As expected, an independent audit of the Federal Housing Administration, which currently insures more than $1 trillion worth of U.S. mortgages, released last Friday showed the agency in a massive financial trouble: Legally, the agency is required to keep capital reserves equal to 2 percent of the total book value of its single family mortgage insurance program, contained in the MMI Fund. But Friday's report indicates that reserves have in fact dropped below zero, to negative 1.44 percent.
The biggest factor? Bad loans made prior to 2010, and especially those made between 2007 and 2009, as the economy flailed and the housing market tanked. The volume of bad loans on the books is almost impressive: More than a quarter of the loans made in 2007 and 2008 were seriously delinquent as of this summer, as were 12 percent of 2009 loans. An independent estimate by Edward Pinto of the American Enterprise Institute says that more than 17 percent of all of the agencies loans were delinquent by the end of September.
It's not as if this news should come as a shock. Back in 2009, the agency's capital reserves were hovering near zero, and well below the statutory requirement, at just 0.53 percent. Since then, the total fund value has increased from $685 billion to $1.1 trillion. And reserves have dropped into negative territory.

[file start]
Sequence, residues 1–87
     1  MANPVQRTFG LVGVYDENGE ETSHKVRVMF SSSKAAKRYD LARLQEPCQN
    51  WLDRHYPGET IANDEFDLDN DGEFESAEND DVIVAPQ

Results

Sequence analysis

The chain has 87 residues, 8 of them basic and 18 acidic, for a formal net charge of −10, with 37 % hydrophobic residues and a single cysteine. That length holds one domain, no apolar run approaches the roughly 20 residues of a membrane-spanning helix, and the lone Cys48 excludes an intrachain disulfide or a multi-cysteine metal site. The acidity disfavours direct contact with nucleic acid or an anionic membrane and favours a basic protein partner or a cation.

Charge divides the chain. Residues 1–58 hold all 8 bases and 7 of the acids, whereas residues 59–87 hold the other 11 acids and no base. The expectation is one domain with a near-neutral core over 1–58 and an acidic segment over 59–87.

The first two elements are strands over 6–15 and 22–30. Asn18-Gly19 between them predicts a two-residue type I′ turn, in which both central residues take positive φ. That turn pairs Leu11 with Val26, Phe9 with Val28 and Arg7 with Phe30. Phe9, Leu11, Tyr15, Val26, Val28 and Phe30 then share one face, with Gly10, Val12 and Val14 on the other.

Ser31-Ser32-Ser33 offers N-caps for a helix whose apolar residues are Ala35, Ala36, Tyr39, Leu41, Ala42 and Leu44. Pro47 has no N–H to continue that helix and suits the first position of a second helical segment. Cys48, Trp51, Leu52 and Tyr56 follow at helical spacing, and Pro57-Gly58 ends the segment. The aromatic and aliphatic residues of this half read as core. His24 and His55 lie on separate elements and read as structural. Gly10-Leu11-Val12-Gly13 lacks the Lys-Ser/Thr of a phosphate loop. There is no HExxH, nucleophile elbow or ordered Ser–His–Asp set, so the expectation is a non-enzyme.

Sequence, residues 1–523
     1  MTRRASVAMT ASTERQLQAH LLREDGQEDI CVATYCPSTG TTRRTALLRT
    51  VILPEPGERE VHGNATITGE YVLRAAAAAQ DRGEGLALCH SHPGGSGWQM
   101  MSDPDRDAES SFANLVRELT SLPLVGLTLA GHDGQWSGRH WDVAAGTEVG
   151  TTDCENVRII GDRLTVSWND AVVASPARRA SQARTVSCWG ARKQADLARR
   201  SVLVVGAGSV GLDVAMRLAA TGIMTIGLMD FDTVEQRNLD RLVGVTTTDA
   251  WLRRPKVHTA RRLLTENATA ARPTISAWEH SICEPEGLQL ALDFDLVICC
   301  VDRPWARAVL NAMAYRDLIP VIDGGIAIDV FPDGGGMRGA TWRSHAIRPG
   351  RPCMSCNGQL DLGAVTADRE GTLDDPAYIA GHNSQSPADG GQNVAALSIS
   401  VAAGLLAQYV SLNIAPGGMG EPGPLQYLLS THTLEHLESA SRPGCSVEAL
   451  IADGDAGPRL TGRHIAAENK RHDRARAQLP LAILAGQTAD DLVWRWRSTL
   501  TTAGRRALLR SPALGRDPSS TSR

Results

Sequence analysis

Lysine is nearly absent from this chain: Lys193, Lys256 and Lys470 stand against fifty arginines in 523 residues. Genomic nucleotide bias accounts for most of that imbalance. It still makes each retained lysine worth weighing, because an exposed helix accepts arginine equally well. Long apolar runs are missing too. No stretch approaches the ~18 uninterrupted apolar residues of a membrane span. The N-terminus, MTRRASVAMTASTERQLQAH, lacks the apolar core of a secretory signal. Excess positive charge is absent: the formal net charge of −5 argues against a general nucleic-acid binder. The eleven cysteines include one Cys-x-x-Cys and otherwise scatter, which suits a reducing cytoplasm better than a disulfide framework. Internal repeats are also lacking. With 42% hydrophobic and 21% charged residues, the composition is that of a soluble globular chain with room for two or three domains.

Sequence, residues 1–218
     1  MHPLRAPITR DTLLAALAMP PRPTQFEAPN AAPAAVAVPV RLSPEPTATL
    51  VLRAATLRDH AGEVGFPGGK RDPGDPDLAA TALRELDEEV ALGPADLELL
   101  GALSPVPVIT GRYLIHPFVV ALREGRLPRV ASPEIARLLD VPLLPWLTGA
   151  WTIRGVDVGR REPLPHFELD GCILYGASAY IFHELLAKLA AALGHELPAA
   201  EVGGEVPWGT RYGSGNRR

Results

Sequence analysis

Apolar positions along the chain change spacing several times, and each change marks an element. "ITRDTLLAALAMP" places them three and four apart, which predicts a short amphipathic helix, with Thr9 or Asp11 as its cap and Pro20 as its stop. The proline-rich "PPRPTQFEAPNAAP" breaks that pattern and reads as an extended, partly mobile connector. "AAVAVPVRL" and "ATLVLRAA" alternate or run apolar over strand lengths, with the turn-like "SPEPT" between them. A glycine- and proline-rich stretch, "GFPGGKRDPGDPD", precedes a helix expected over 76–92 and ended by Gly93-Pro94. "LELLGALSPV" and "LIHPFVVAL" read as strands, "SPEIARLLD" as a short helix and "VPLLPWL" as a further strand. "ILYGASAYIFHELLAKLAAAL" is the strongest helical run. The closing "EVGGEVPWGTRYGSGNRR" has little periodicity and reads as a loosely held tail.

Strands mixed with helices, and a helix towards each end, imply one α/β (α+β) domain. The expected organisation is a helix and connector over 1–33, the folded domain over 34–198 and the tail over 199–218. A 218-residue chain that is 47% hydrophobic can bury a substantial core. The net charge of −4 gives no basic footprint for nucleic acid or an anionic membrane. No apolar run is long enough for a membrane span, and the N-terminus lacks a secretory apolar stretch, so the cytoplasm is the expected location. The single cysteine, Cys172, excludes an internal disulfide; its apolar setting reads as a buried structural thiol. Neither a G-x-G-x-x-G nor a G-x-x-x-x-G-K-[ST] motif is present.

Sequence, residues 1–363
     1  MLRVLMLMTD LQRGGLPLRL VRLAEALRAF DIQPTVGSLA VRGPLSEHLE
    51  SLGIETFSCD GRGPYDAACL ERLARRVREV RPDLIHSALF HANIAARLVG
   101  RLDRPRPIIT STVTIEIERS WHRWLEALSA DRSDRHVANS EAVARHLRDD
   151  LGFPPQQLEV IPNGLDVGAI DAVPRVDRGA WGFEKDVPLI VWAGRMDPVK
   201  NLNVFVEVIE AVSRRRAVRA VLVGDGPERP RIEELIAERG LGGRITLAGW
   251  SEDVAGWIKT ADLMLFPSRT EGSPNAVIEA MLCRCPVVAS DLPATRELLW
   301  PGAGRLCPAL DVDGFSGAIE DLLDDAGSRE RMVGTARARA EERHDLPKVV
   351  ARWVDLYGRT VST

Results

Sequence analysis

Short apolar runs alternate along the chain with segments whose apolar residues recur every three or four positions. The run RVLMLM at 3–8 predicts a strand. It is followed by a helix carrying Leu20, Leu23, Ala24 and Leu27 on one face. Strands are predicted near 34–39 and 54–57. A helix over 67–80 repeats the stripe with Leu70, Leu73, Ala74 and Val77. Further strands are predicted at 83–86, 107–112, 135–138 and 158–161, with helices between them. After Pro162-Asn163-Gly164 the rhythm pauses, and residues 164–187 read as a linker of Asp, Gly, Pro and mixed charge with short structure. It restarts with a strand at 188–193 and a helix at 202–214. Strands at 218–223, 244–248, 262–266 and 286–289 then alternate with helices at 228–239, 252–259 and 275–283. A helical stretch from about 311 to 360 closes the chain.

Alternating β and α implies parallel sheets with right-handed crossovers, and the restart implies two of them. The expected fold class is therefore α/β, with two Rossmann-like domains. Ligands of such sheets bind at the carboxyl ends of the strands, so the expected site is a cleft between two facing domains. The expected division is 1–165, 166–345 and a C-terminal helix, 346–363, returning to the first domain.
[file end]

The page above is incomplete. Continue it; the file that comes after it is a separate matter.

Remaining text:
Yet as The Wall Street Journal's editorial page reminds us, FHA leadership has been insisting all along that it's doing fine. Worries about its finances were "just plain wrong," according to Department of Housing and Urban Development Secretary Shaun Donovan, who oversees the FHA. "I can say undoubtedly that the FHA fund is playing a key role in the housing recovery and poses no immediate risk to the American taxpayer," he declared in 2009.
It's certainly a risk now. The agency is raising premiums in an attempt to avoid asking the Treasury department for a bailout. A Secretary Donovan is still dismissing worries that a bailout is inevitable. The reserve balances, he writes, do not "directly imply the need for any assistance from the U.S. Treasury."
That's only because the report actually understates the FHA's balance sheet problems. As The Washington Post notes in an editorial:
The FHA's predicament is worse than the $16.3 billion figure suggests. If interest rates remain low, more high-quality loans will be refinanced out of the FHA's portfolio, leaving the agency with the dregs. No one can predict these flows with precision, since the FHA also has a program to retain good-quality, refinanced loans. But the actuarial report suggests that protracted low interest rates could drive the FHA's capital reserve shortfall above $30 billion.
Donovan is like the ship captain standing at the top of the mast who continues to assure passengers that even though the vessel has taken on more water than it was ever designed to handle, the boat is still afloat—when in fact, the leak in the hull is bigger than anyone's willing to admit.